Don’t give up

When I was in grade school, I used to bite my nails religiously. It was the first of many habits I would pick up and somewhat retain throughout my life. Bless my 5th grade teacher for diligently staying on top of me to quit. I eventually committed, albeit my occasionally anxious moments. Similarly, I have been cursed with nervous energy since I was a child: I bounce my knee when I’m sitting and I walk around in circles when on the phone. My mother used to say she couldn’t take me anywhere because I would never sit still. And to this day, she’s right.

When you acquire a habit as an adult, I think it’s much harder to quit. There definitely needs to be a level of commitment to quit, depending on the vice. Unfortunately, sometimes the habits consist of excessive drinking or smoking weed (which was mine) and it takes a high level of will power to stay away.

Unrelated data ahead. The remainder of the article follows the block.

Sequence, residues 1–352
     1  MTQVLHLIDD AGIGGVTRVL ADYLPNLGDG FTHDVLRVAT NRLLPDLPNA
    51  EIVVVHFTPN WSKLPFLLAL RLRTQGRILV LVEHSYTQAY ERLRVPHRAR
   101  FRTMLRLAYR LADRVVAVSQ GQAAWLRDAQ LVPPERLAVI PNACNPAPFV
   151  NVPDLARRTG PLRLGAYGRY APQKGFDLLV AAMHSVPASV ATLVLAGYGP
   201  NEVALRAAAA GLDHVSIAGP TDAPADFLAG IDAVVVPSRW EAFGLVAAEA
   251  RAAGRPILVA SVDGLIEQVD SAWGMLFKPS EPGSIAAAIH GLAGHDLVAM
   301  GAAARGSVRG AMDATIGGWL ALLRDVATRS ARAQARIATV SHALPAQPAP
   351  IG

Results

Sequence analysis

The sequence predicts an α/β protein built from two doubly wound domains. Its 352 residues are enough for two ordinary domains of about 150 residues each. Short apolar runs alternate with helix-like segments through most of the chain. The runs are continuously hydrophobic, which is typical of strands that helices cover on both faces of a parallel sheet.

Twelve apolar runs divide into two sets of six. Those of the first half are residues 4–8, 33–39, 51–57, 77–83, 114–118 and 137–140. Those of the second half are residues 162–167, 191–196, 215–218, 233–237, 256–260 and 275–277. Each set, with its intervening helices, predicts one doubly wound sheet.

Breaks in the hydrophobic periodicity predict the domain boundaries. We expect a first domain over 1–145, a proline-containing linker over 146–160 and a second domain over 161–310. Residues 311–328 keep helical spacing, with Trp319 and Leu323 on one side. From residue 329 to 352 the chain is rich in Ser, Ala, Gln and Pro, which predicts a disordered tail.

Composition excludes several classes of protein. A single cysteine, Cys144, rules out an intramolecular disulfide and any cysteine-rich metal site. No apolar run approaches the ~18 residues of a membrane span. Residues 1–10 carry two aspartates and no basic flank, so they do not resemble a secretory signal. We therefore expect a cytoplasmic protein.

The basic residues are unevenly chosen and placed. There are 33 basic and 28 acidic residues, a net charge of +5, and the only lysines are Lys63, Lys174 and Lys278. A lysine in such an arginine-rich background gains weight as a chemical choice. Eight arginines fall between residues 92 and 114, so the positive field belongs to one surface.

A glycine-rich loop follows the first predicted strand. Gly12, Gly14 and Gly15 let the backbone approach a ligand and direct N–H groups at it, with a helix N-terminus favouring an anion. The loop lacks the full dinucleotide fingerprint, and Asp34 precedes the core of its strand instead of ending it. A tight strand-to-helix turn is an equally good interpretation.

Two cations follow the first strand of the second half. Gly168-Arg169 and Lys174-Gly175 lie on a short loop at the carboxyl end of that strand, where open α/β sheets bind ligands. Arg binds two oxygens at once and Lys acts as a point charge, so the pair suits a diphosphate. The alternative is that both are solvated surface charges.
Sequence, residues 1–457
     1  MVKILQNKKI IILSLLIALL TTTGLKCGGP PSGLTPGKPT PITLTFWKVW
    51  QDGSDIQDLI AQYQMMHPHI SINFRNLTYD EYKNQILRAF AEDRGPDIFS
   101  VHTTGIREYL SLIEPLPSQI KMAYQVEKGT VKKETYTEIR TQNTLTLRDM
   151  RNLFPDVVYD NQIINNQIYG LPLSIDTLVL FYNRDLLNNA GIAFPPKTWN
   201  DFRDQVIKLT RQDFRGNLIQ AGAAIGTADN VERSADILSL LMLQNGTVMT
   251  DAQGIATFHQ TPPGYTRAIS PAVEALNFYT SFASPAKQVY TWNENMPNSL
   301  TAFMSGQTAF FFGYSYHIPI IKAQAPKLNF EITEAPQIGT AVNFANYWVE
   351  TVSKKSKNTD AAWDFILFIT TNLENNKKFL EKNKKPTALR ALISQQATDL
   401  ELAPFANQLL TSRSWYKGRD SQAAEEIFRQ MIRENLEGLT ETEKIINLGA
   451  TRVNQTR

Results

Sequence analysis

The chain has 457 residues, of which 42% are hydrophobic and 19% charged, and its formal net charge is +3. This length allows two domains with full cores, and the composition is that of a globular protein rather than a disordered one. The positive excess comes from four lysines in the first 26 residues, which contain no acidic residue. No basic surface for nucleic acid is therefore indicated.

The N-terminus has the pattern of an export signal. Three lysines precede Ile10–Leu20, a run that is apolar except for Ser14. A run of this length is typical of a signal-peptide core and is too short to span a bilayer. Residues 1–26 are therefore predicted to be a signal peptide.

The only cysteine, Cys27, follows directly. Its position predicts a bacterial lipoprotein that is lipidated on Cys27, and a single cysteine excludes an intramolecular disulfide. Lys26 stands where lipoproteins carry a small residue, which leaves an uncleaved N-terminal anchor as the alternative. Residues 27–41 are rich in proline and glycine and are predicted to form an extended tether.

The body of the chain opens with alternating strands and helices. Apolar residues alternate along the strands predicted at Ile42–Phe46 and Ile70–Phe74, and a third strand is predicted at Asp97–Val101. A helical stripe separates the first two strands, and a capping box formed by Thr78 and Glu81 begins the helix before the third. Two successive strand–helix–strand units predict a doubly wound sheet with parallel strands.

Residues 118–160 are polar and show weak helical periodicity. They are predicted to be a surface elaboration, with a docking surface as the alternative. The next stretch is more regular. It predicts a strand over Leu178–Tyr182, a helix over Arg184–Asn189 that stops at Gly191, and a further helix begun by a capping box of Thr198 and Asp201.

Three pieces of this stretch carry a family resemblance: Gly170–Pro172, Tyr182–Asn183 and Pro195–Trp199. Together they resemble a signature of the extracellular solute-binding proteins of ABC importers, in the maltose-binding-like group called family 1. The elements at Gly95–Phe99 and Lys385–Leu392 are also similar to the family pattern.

But like everything else in life, these experiences make us stronger. I don’t view them as downfalls, but rather as stepping stones to becoming a grounded human being.

I bring this up because I have given up a lot of habits lately, and as a result, I’ve realized I unconsciously reverted to older habits. The important lesson here is to convert your old/or existing habits into good and healthy habits. Such as working out, eating healthier or spending time doing things you’ve always wanted to do, such as play chess, take dancing lessons or learn a new language. They don’t become habits per say, but they are activities you partake in that will take your mind off the bad habits you used to exercise.

With this I will add that working out has become my new drug. I just started but adding this time to my daily regime has made it easier for me to drink more water and make better eating choices.

What’s your habit? Is there one you’ve been wanting to kick? If yes, think about the things you’ve always wanted to do — maybe something on your bucket list and consider it done.

Truth